The withdrawal of US military from Afghanistan would not include troops and equipment that will remain to protect diplomats at the US embassy and potentially assist securing Kabul airport, at a time it seems the withdrawal from Afghanistan, well be ahead of the September 11 deadline set by President Joe Biden to end America’s longest war, US officials told Reuters on Tuesday, speaking on condition of anonymity.
The US military stopped publicly detailing the pace of its withdrawal after it was more than 50 per cent complete earlier in June.
The disclosure of the brisk pace of the US withdrawal comes as the Taliban insurgency ramps up its offensive throughout the country. The Pentagon now estimates the Taliban control 81 of the country’s 419 district centers.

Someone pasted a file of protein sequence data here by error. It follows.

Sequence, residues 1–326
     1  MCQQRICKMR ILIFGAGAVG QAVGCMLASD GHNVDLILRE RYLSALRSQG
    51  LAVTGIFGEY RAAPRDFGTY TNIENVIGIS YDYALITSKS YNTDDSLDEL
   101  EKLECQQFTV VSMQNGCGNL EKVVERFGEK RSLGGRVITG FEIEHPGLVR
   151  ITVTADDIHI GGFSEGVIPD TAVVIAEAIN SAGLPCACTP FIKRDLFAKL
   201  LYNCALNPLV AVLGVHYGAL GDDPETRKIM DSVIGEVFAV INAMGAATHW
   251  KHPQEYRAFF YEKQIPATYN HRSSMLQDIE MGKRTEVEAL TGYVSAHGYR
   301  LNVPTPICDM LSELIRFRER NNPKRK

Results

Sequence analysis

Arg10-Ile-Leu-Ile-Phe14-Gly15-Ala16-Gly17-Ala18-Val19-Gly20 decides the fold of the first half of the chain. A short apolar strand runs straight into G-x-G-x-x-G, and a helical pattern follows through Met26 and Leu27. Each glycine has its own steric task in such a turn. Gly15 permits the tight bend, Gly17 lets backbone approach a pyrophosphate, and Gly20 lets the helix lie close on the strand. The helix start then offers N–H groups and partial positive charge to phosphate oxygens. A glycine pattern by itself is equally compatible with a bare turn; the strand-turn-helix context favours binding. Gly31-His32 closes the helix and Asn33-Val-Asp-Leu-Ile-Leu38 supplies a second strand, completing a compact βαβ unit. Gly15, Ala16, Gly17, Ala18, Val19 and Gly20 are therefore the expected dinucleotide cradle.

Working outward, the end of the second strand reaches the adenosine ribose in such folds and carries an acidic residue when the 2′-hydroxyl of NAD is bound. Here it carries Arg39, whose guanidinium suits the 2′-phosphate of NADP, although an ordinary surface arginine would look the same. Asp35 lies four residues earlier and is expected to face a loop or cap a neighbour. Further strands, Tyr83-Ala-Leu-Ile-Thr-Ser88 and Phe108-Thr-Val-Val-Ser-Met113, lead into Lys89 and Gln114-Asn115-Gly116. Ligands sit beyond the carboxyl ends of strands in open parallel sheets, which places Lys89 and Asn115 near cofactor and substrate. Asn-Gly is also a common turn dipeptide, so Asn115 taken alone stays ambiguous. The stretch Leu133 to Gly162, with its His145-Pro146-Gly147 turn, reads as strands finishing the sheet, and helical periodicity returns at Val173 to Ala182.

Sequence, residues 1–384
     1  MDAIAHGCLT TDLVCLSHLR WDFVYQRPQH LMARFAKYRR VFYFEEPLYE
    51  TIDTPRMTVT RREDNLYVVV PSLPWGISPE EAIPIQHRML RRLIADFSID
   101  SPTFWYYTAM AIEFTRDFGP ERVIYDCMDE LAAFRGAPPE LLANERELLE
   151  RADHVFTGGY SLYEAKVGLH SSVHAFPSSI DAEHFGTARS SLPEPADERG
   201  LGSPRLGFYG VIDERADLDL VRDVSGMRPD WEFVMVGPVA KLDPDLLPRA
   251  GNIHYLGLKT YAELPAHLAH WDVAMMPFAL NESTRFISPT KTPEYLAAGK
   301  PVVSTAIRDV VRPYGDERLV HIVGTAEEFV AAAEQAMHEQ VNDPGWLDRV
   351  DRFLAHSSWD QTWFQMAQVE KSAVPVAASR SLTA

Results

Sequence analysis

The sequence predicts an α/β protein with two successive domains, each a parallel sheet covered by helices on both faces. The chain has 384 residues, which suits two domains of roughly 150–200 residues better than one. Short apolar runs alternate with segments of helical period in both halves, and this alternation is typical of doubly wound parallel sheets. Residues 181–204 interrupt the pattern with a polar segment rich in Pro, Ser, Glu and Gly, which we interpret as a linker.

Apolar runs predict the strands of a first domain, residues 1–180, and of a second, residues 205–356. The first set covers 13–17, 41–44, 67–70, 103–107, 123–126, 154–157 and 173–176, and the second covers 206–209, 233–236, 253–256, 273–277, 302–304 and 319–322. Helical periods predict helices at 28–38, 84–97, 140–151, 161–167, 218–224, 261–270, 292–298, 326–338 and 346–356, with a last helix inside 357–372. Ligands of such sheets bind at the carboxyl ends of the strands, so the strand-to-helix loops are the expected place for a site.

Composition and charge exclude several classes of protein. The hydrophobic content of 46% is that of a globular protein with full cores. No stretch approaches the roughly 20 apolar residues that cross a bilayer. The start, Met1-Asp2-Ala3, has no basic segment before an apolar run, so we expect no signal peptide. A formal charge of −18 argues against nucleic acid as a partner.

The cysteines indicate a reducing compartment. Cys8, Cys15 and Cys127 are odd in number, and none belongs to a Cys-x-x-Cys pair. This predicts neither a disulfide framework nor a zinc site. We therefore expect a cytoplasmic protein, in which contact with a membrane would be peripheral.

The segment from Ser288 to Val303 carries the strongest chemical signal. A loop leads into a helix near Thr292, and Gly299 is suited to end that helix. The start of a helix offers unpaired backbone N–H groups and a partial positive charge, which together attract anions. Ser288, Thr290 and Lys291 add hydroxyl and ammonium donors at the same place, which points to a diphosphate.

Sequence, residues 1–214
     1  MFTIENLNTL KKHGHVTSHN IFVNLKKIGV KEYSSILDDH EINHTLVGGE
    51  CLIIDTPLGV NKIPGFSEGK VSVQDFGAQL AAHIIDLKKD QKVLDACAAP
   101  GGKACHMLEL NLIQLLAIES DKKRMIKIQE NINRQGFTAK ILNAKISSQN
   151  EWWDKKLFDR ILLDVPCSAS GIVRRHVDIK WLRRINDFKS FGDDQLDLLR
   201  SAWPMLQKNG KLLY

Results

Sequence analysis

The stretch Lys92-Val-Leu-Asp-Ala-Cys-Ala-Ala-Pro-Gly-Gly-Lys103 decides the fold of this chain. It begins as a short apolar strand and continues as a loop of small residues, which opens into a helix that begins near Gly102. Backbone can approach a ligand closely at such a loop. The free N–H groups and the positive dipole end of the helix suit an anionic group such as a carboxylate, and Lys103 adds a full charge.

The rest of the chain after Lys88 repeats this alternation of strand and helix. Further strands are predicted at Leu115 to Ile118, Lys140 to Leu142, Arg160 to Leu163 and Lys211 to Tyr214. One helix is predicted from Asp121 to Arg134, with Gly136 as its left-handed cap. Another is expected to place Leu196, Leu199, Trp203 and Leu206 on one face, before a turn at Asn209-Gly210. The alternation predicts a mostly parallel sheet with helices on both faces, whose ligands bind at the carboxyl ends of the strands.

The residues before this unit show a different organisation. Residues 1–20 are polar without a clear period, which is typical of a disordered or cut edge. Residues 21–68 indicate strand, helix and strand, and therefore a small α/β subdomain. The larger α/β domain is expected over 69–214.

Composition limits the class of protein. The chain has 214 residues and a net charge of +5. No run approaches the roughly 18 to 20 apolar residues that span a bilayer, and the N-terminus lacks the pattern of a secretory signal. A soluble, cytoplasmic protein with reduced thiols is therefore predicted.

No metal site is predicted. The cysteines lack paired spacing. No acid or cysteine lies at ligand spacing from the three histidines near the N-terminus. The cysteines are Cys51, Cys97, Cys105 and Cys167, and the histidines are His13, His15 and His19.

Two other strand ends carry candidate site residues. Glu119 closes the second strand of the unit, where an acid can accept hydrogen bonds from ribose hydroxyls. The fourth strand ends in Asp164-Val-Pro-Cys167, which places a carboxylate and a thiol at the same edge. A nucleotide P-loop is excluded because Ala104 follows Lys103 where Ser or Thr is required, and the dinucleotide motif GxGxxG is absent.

Peace talks in Qatar, meanwhile, have failed to make significant progress.
The Pentagon said earlier on Tuesday that the US withdrawal would not necessarily signify the end of NATO’s Resolute Support mission in Afghanistan, but referred further queries to NATO.
The withdraw of US-led NATO forces has raised concerns that the country could erupt in full-scale civil war, potentially providing al Qaeda space in which to rebuild and plan new attacks on US and other targets.
A United Nations report in January said there were as many as 500 al Qaeda fighters in Afghanistan and that the Taliban maintained a close relationship with the Islamist extremist group. The Taliban denies al Qaeda has a presence in Afghanistan.
US Defence Secretary Lloyd Austin is expected on Wednesday to meet his Germany counterpart at the Pentagon. Germany, which had the second largest contingent of troops after the United States in Afghanistan, announced on Tuesday that it had concluded its withdrawal from Afghanistan.
It was unclear if the pace of the US withdrawal would still allow first for a planned evacuation of thousands of vulnerable Afghan interpreters and their families, something that had been expected before the US pullout.